Bruins 2, Sabres 1

Bergeron’s tip lifts Bruins in OT

Rask steady again in win over Sabres

Patrice Bergeron (left) scored the winner, but Marco Sturm led the celebration in the Bruins’ 2-1 victory in overtime. Patrice Bergeron (left) scored the winner, but Marco Sturm led the celebration in the Bruins’ 2-1 victory in overtime. (Rick Stewart/Getty Images)
By Kevin Paul Dupont
Globe Staff / November 21, 2009

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BUFFALO - In a season full of missteps, miscues, and inconsistent offense, the Bruins took a second strong step forward in as many nights, pinning a 2-1 loss on the Sabres when Patrice Bergeron tipped home Zdeno Chara’s long-range wrister with 47 seconds gone in overtime at HSBC Arena last night.

The victory, the second straight in extra time, provided what may be the first signs of substantive traction in what has been a frustrating season for the Bruins, who finished first in the Eastern Conference last season but have been lodged among the also-rans, pretenders, and have-nots in 2009-10.

“Yeah, you can ask me that,’’ said Chara, mulling the question whether wins over Atlanta and Buffalo could prove to be the club’s turning point. “We know we have to keep playing like this, keep battling. For sure it’s a good sign that we beat two quality, aggressive teams, but we don’t want to get too high or too low about it.

“Let’s just say it’s a first positive step on a four-game road trip.’’

The start here was humble, the Bruins badly outplayed and outshot, 8-4, in the opening period when the Sabres built a 1-0 lead compliments of a Paul Gaustad tip-in on the power play at 4:20.

The Bruins needed the first 20 minutes to shake out the cobwebs after the shootout win in Atlanta, and then a flight here that didn’t get them in their hotel until after 1 a.m.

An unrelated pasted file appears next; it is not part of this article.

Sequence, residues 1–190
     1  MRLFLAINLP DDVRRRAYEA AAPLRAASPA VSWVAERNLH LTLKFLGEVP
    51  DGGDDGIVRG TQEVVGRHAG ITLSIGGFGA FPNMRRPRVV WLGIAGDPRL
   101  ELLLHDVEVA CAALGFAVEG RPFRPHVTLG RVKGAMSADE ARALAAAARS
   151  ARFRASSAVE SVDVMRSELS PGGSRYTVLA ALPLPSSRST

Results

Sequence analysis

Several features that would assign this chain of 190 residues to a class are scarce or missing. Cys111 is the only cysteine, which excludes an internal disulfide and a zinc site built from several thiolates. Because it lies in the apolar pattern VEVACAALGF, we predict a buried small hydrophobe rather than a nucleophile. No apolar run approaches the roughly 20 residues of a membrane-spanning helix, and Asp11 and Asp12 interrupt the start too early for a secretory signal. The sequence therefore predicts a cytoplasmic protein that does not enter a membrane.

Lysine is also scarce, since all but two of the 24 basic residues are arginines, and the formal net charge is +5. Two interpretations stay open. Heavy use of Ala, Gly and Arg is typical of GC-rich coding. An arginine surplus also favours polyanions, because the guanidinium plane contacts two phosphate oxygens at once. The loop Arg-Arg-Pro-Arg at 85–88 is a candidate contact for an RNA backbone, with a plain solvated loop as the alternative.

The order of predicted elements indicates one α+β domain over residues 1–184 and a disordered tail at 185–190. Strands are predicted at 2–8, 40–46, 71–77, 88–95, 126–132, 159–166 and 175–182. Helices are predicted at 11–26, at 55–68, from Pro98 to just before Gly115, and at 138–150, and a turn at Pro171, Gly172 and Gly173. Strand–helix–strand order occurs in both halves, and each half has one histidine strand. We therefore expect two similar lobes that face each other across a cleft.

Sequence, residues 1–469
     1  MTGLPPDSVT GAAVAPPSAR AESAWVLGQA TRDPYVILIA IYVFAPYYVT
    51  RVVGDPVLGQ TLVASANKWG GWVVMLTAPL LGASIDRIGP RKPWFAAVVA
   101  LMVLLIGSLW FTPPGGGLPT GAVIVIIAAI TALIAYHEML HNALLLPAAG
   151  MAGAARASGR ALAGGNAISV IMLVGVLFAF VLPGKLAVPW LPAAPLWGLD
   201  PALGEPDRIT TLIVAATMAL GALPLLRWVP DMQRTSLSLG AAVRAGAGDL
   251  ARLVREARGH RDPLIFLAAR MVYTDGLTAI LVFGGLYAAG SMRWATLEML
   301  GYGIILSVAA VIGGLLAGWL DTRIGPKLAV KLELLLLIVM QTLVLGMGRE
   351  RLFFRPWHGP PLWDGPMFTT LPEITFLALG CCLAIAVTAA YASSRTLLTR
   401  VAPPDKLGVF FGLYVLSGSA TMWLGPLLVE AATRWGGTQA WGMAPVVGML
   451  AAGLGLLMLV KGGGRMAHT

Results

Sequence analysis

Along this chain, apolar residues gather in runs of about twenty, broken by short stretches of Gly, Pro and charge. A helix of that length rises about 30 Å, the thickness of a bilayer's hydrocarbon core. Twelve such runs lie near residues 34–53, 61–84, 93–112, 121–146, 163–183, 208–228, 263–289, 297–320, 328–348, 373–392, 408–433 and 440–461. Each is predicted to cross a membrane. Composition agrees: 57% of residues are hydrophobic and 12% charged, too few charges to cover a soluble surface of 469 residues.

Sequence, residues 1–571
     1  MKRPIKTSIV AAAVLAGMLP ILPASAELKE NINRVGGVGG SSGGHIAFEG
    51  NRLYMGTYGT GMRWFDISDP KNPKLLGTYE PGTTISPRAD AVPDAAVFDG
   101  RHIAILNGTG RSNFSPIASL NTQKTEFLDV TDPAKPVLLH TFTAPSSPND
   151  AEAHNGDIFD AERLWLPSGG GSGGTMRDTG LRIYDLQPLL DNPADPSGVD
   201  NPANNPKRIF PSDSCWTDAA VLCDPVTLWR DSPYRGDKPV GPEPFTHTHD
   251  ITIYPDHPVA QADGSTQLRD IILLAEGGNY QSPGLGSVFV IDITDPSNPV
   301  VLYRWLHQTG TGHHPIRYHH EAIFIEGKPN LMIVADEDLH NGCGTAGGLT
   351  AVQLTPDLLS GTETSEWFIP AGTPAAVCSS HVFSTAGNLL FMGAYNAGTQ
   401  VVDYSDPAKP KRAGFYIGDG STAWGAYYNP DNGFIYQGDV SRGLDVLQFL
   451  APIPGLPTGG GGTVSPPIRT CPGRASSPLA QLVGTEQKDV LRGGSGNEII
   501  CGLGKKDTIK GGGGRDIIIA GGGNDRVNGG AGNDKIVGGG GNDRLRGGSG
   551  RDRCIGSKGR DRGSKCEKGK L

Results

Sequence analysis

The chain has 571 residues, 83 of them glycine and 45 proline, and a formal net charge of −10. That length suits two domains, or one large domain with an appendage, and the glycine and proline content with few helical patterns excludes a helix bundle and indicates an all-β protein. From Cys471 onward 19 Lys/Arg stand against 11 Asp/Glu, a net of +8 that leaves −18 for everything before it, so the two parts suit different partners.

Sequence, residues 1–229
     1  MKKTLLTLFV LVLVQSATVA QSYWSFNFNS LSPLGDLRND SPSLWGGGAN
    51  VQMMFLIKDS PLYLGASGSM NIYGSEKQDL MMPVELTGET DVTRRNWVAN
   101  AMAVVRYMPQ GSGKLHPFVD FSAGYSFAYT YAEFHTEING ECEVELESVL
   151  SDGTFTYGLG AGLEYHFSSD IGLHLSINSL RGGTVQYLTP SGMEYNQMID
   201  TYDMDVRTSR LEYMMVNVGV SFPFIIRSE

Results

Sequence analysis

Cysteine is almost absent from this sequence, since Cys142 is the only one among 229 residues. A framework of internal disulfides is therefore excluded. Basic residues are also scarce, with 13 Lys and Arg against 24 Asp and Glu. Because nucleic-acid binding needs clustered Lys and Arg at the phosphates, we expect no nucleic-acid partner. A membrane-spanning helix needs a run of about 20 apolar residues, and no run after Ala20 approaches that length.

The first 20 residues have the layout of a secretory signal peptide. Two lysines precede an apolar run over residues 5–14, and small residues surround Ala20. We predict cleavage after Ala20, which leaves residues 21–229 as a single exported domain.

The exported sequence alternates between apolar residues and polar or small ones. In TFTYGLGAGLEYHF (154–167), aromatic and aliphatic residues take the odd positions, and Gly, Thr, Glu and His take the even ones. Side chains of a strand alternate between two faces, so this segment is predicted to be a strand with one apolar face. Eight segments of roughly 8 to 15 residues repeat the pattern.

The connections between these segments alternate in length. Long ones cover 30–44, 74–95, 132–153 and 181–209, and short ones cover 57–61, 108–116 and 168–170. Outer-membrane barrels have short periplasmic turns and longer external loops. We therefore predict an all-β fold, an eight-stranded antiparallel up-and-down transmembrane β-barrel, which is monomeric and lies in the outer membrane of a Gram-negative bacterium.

“I’m not going to say it was expected,’’ said coach Claude Julien, whose charges will fly to St. Louis tomorrow for a meeting with the Blues Monday night. “But we stayed off the ice in the morning because we needed some rest.

“You could kind of predict that we’d need time to get going.’’

Much perkier from the drop of the puck in the second, the Bruins rolled up a 14-3 shot advantage and moved into a 1-1 tie when Milan Lucic nailed in his first of the season at 10:54. Flying up ice with Byron Bitz, Lucic nailed a short one-timer by Ryan Miller on the left side after Bitz dished over a pinpoint relay from just to the right of the slot.

Nice hands by Bitz and an even slicker finish by Lucic, who returned to the lineup the night before after missing nearly five weeks because of a fractured right index finger.

“I think he was yelling,’’ said Bitz, referring to his new linemate, Lucic, who might remain part of the trio with Bitz and Steve Begin for a while. “He did a really good job driving to the net and then a great job finishing it off, too. He yelled and I looked, and there was just that little bit of room under of their guys’ sticks to get it to him.’’

Tuukka Rask, who made his third straight start in net for Boston, picked up an assist on the Lucic goal. The puck squirted off his stick after a stop and it was Bitz, showing surprising speed, who started it up ice from deep in his end.

“I knew he was going to make that pass,’’ said Lucic. “I knew he saw me with my stick down. A really nice play by him to get it over like that. And nice to get a goal, although it took a little longer than I hoped.’’

Over the remaining 29:06 of regulation, Rask made 16 stops and Miller turned back 10, triggering overtime - the fourth in five outings for the goal-strapped Bruins. They blew a third-period lead Thursday, then needed Bergeron’s lone strike in the shootout to claim the victory.

Bergeron was front and center again, this time beating Tim Connolly on a faceoff to Miller’s left. Marco Sturm provided a slight tap back toward the blue line, where Chara was quick to unload a wrister.

The ice a little more open because the clubs were skating four-on-four, Bergeron moved instinctively to the middle, lifted his stick, and provided a winning tip to Chara’s shot.

“In overtime, so much depends on controlling the puck on the faceoff,’’ emphasized Chara. “Sturmie jumped on the puck there and got it to me. And then Bergy got a piece of it. A really innocent, simple play, but those are the plays that so often make the difference.’’

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